Tuesday, March 24, 2009

Re-publish: A foot in the door

(Note: This was my first post and I've decided to re-publish it every few months to give people an idea of what my blog is all about and why I created it. Thanks for checking in to cas:ev, I appreciate what little feedback I get)

A few months ago I met with a well-respected owner of a small design firm in downtown Saratoga Springs, NY, named Rich Kline. Rich is principle owner of Shannon Rose Design, which specializes in illustration and graphic design.

The meeting was set up by a mutual acquaintance and was a very informal sit-down; not an interview. Yet, despite the fact that the meeting likely wouldn't lead to a job, I was genuinely excited to meet a man that had built a successful firm with little other than passion, a dream and some good-old ingenuity.
Rich planned on showing me a flash site they'd been working on for a company that manufactures custom crew shells (long, lightweight boats used in rowing competitions) and give me general advice about how to begin a career in design.

Prior to the meeting, I asked a friend of mine, who oversees design for Warren County Tourism, if he had heard of Rich. He told me that Rich was the real deal, a big name in the field and that the meeting would surely be fruitful.
I knew I would have to eat my pride. My portfolio was heavy on writing clips and light on design work. My concentration in graphic design didn't require I take a portfolio building class, which, I've come to learn, was probably the most important class in the design curriculum; it's the culmination of all your hard work and wasn't required to complete my minor.
Needless to say, I'm glad it wasn't a formal interview.

So I arrived at the studio with an open mind and empty hands, hoping to take something away rather than lay something on the table. (Let me just add, design studios are cool places. Maybe it's the laid back mood, the creative energy or the natural light; whatever the case, Shannon Rose was no exception. The hardwood floors, natural light, bold advertising posters adorning the walls, the works).

It was expectantly quiet. Rich was working at his computer. He greeted me, gave me a brief tour of the two floors of the studio then we sat a large wooden table and dialogue commenced.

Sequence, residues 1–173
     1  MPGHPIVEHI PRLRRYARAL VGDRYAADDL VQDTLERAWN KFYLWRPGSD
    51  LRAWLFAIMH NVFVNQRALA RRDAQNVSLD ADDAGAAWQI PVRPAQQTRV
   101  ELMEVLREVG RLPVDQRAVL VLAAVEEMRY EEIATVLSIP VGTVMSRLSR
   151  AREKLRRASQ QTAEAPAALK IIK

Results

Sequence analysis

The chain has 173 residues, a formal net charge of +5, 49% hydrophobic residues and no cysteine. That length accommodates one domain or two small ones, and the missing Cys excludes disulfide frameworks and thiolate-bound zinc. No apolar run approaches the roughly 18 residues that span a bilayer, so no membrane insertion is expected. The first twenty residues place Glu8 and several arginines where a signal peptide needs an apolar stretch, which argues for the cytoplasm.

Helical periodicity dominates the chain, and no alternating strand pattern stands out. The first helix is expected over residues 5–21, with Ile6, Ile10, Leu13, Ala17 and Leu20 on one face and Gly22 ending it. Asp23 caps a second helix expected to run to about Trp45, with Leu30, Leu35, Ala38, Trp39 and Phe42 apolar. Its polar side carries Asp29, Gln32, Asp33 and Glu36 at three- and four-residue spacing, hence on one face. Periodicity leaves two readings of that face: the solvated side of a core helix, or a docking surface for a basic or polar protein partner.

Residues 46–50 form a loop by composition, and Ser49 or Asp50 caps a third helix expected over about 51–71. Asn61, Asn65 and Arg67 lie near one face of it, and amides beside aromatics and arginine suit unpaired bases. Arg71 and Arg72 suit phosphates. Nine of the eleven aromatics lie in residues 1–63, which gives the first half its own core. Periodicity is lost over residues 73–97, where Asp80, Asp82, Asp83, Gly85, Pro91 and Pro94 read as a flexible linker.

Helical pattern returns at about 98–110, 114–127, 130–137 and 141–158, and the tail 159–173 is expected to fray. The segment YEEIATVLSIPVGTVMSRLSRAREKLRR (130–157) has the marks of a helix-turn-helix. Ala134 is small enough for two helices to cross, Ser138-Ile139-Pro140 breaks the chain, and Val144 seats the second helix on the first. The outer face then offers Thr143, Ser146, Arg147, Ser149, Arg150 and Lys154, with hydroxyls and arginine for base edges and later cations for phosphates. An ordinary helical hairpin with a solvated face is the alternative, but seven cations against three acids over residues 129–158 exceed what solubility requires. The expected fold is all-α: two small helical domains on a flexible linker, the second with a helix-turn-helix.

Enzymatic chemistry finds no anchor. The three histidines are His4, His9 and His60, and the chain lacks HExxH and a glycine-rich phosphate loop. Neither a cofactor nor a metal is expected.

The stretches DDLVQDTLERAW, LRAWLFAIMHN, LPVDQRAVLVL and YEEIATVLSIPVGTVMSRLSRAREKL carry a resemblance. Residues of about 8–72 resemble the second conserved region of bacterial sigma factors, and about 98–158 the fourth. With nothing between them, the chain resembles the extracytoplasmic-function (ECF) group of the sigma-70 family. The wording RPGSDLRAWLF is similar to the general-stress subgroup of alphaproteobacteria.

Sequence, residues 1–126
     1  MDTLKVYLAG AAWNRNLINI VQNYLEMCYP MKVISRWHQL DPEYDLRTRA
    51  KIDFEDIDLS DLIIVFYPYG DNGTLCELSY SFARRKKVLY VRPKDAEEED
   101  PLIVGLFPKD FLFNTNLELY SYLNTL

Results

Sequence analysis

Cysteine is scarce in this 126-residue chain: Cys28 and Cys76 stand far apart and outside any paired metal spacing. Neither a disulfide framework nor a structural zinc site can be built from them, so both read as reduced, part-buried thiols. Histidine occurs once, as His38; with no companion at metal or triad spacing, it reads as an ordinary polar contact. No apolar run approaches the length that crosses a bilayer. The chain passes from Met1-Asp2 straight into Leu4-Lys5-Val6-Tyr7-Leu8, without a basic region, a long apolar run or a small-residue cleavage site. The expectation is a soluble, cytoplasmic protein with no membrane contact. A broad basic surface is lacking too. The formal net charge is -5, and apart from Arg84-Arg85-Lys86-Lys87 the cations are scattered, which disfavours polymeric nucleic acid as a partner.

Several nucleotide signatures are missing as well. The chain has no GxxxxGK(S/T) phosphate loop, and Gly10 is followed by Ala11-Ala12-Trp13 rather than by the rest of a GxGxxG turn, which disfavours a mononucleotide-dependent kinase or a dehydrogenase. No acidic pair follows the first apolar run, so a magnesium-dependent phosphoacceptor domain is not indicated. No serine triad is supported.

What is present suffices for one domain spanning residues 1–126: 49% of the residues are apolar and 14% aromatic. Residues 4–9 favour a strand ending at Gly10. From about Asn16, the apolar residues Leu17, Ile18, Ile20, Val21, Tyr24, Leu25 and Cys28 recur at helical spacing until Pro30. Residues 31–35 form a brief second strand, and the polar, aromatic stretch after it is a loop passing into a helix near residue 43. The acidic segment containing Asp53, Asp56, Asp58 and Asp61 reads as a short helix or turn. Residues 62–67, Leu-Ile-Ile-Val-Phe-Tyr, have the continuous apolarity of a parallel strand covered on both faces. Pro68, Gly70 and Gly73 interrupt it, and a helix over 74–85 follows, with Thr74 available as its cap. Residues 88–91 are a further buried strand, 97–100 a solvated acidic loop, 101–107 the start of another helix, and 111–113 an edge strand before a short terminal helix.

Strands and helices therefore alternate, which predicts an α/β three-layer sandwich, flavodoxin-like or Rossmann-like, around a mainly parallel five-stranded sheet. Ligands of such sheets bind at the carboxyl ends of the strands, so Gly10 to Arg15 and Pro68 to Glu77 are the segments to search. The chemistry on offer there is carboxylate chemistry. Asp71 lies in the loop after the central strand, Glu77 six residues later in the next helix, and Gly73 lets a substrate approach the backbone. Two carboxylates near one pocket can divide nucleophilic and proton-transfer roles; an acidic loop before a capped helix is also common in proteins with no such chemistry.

I told him about my my passion to be a designer and how I was frustrated that a lack of a bachelor's degree in design had been holding me back. He reinforced much of what I already knew: that I needed a good portfolio and that the best way to do it was to essentially do what I'd been doing, which is pro-bono design work and network with other designers.

He also presented to me his theory of how, in today's approach to design, print advertising is only one component in a larger circle that encompasses a brand. He told me that a job starts with a solid plan on paper, and branches off into print and web from there; with an emphasis on web.

He used his current project with the boat manufacturer as an example, showing me draft plans, sketches, ect. We then walked upstairs and I got a look at the designers (a total of four) implementing the plan -- halfway through the web development of an ultra-sleek, super-cool flash Web site.

As we peered over one of the developer's shoulder, a less tech-inclined Rich told him he wanted to see the boats "change color." The developer began effortlessly typing code and, Voila!

The others were working on different aspects of the site, all of them all-stars at what they do. One of the designers introduced himself and politely excused himself from the encounter because he had a concert to go to. I wondered if it was the same one I was going to that evening. Either way, I loved the casualness of it. And, naturally, I was jealous. Here I was working for a company with a design standard that stuffs you in a tight box and strips you of your creativity while designers at Shannon Rose were defining their own design standard each day. It might be presumptuous for me too think I'll land a job like that one day, but as long as I know it exists, it's a level to attain.

Upon leaving, I felt fortunate. I was given an intimate tour of working design studio and saw professionals at work -- something I wasn't able to do at school. I had also extended my network to include a few designers, including the owner of a firm.

One piece of advice Rich gave me that I wasn't expecting, was to create a blog that would showcase both my writing and design skills. He showed me a couple blogs he followed and seemed really excited about what a blog can do for a designer.

Well, here it is. My first blog, I hope you enjoy it.

Thanks Rich for the great advice; it was truly an invaluable experience.

Let the evolution begin...


  1. You left a comment! Atta boy Johnny.

    And I agree with you in principle: If It Ain't Broke, Don't Fix It.

    When it comes to outreach, and identity, the same marks can get a little tired, no?

    D. Bros. has used the same silhouette logo since 1996. It was time for a change. While there's a measurable amount of recognition and brand equity wrapped up in that original mark—a fresh new image, when presented publicly (and properly) can capitalize on that history and pay it forward.

    Love the cardboard masthead.

  2. Not for nothing, but it might be worth talking to my roommate (he is also the one that The Post Star hired). He went to BU as a graphic design major, but will be the first to tell you that you don't need a degree. He's now basically the AD for advertising department of a widely distributed Boston newspaper. He also comes from a writing and artistic background. If you want his contact info, I know he would be more than happy to talk to you!

    Anyway, your blog looks great and I look forward to reading more about your take on sustainability!